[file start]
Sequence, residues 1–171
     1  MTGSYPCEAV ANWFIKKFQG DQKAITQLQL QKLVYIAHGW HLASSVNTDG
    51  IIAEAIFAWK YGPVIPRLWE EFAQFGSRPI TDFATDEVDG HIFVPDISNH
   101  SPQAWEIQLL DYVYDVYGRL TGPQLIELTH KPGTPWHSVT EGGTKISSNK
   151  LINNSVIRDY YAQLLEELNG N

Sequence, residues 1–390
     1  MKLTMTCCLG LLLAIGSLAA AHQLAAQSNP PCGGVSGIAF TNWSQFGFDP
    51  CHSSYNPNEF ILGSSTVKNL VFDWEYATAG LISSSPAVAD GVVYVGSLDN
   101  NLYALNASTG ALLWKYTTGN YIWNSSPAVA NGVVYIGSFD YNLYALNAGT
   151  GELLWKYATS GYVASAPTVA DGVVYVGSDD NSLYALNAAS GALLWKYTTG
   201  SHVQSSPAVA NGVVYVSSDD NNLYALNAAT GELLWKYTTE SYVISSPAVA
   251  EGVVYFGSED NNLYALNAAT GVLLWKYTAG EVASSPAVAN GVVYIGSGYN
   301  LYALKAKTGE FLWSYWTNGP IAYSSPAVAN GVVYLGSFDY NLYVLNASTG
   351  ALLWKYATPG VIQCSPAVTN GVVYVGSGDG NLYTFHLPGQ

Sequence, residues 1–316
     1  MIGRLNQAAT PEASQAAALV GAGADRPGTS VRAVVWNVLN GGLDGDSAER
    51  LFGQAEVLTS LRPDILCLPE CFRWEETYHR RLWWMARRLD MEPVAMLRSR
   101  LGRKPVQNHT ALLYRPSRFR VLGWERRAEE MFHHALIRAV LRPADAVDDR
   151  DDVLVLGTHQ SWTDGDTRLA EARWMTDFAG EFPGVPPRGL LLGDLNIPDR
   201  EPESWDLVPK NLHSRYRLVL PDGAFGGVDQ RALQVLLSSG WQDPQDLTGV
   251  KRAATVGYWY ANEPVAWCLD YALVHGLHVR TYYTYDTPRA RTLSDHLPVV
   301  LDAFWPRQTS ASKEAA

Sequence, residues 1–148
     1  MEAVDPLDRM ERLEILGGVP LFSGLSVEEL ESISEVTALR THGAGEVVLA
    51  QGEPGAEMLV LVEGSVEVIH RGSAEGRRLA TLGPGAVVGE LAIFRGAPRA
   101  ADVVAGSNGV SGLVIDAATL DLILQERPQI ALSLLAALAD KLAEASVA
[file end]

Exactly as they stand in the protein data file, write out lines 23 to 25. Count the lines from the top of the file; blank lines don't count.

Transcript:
Sequence, residues 1–148
     1  MEAVDPLDRM ERLEILGGVP LFSGLSVEEL ESISEVTALR THGAGEVVLA
    51  QGEPGAEMLV LVEGSVEVIH RGSAEGRRLA TLGPGAVVGE LAIFRGAPRA